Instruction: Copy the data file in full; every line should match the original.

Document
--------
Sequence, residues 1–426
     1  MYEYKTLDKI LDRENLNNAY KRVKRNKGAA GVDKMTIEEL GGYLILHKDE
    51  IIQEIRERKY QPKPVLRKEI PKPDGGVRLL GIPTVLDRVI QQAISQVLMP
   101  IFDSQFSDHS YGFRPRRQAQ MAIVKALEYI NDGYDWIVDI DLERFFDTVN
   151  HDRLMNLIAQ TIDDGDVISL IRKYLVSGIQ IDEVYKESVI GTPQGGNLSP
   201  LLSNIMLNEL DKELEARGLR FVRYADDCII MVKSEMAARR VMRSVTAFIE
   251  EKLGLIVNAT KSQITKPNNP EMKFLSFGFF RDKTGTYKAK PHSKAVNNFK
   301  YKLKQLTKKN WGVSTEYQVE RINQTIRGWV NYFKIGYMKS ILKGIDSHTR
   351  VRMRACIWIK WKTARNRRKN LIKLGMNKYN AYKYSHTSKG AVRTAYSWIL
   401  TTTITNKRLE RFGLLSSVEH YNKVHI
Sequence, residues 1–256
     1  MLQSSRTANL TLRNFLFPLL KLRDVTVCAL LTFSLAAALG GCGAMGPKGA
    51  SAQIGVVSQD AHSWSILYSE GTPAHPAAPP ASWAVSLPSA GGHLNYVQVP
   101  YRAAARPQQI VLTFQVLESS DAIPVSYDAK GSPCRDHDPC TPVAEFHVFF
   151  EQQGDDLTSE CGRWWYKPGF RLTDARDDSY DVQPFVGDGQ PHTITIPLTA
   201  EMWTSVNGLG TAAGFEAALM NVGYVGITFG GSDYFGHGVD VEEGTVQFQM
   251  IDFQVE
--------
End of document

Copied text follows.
Sequence, residues 1–426
     1  MYEYKTLDKI LDRENLNNAY KRVKRNKGAA GVDKMTIEEL GGYLILHKDE
    51  IIQEIRERKY QPKPVLRKEI PKPDGGVRLL GIPTVLDRVI QQAISQVLMP
   101  IFDSQFSDHS YGFRPRRQAQ MAIVKALEYI NDGYDWIVDI DLERFFDTVN
   151  HDRLMNLIAQ TIDDGDVISL IRKYLVSGIQ IDEVYKESVI GTPQGGNLSP
   201  LLSNIMLNEL DKELEARGLR FVRYADDCII MVKSEMAARR VMRSVTAFIE
   251  EKLGLIVNAT KSQITKPNNP EMKFLSFGFF RDKTGTYKAK PHSKAVNNFK
   301  YKLKQLTKKN WGVSTEYQVE RINQTIRGWV NYFKIGYMKS ILKGIDSHTR
   351  VRMRACIWIK WKTARNRRKN LIKLGMNKYN AYKYSHTSKG AVRTAYSWIL
   401  TTTITNKRLE RFGLLSSVEH YNKVHI
Sequence, residues 1–256
     1  MLQSSRTANL TLRNFLFPLL KLRDVTVCAL LTFSLAAALG GCGAMGPKGA
    51  SAQIGVVSQD AHSWSILYSE GTPAHPAAPP ASWAVSLPSA GGHLNYVQVP
   101  YRAAARPQQI VLTFQVLESS DAIPVSYDAK GSPCRDHDPC TPVAEFHVFF
   151  EQQGDDLTSE CGRWWYKPGF RLTDARDDSY DVQPFVGDGQ PHTITIPLTA
   201  EMWTSVNGLG TAAGFEAALM NVGYVGITFG GSDYFGHGVD VEEGTVQFQM
   251  IDFQVE